migration is under threat as the rivers dry up. Lake Nakuru National Park, famous for its
species of flamingoes pelicans and other birds, is drying up as people upstream divert water to
their farms.
"The plunder of Kenya's forests has continued over the years despite pleas to conserve them
because of mismanagement, irresponsible and corrupt behaviour of politicians and
government officials," said Nobel Laureate Prof Wangari Maathai. “This destruction, she
said, has manifested itself in the form of deforestation, the shamba system, human
settlements, cultivation, charcoal production and grazing.”
Apart from the Mau complex, all the other four water towers among them Mt Kenya,
Aberdare Ranges, Mt Elgon, and Cherengani Hills have receded alarmingly. The MFTF
identified the period between 1996 and 2005 as the worst decade for the forest cover in the
country.
"Undeserving individuals were allocated land, not for development purposes but as political
reward and for speculative purposes," says the team's report.

TS 4C – Compulsory Purchase and Land Acquisition II                                        13/22
Wafula NABUTOLA, MSc.
Compulsory Purchase and Land Acquisition in Kenya

7th FIG Regional Conference
Spatial Data Serving People: Land Governance and the Environment – Building the Capacity
Hanoi, Vietnam, 19-22 October 2009
In Parliament, Mr Odinga named former president Daniel arap Moi and people who served in
the inner core of his government as beneficiaries of the irregular allocation of Mau forest.
None of the people resides on the said forest land and most of them have denied owning the
land. The report indicates that while the Mau Complex straddles seven administrative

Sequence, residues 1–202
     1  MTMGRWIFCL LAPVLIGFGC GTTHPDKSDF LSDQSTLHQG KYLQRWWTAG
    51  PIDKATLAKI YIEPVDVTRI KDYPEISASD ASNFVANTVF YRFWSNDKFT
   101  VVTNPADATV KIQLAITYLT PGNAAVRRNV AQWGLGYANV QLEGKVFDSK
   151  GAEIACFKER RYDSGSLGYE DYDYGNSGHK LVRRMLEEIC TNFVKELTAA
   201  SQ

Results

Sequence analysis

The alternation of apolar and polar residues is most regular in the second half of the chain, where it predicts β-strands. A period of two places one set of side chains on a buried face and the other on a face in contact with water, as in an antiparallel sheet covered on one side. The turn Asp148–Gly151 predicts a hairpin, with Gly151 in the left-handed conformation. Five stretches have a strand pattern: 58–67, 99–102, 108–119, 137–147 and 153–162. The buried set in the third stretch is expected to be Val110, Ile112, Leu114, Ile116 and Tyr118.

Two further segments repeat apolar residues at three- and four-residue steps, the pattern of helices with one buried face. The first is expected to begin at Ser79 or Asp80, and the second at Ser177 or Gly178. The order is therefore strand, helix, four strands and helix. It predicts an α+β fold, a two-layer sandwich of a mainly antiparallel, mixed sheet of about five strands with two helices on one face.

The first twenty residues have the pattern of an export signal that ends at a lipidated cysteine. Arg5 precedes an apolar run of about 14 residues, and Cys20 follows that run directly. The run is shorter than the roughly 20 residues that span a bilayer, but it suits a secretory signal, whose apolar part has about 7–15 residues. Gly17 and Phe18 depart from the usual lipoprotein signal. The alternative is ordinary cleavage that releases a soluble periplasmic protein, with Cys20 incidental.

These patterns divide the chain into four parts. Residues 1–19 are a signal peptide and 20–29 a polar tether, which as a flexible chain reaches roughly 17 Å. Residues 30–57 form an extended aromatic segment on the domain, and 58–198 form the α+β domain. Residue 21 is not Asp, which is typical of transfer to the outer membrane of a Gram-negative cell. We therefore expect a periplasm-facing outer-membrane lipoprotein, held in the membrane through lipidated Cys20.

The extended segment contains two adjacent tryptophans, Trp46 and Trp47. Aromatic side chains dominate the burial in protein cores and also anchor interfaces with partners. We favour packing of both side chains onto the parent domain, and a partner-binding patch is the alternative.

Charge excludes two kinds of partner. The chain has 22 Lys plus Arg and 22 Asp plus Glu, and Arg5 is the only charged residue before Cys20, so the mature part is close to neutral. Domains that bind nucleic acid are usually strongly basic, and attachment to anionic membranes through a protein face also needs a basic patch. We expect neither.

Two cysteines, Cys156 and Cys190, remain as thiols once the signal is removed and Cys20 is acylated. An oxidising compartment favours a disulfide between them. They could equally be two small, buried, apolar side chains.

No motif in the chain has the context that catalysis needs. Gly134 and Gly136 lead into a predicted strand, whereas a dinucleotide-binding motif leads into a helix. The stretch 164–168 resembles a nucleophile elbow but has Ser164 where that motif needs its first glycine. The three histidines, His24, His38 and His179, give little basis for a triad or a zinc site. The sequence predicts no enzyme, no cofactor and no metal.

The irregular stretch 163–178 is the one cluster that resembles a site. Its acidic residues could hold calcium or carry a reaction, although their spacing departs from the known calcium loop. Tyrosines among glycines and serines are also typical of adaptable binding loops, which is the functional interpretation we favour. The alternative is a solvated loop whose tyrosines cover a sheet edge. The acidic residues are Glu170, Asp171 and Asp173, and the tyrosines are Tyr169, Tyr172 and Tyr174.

districts, cases of illegal excisions were particularly concentrated in Nakuru and Narok
districts.
"This report indicates that we are actually dealing with a huge mess created by the former
regime," Mr Odinga told Parliament last week.

2. MOI OPPOSES MAU EVICTIONS, ASKS STATE TO RESPECT TITLES

Published on 16/08/2009 By Vitalis Kimutai
Former President Moi has opposed eviction of families in the Mau Forest. He said the
Government had not consulted him over the resettlement, despite having been in charge when
the families moved in. He asked the Government to respect the sanctity of title deeds.
"The Government should not rubbish title deeds which families in the Mau region have as
they are legal Government documents and not mere pieces of paper," he warned. Moi also
faulted the implementation of the Mau taskforce report.
3. HUMANITARIAN CRISIS
"The report is being implemented without the input of the affected families and has the
potential of sparking chaos and a humanitarian crisis.”This is a wrong approach and a threat
to the existing peace and co-existence in a cosmopolitan zone like Rift Valley, which is still
smarting from post election violence.’’ He said the Government should be cautious while
executing change. "I do not approve of the method being employed to move the families out
forcibly," he said. He refuted claims that families living on the Mau forest in Narok South had
encroached on the forest. Moi said the families bought land from group ranches, which was
held under trust by the Narok County Council.
"Let us gets this clear that Jackson Angaine in 1978 sub-divided the land to group ranches and
the group further subdivided the land and sold it to individual farmers." He said most of the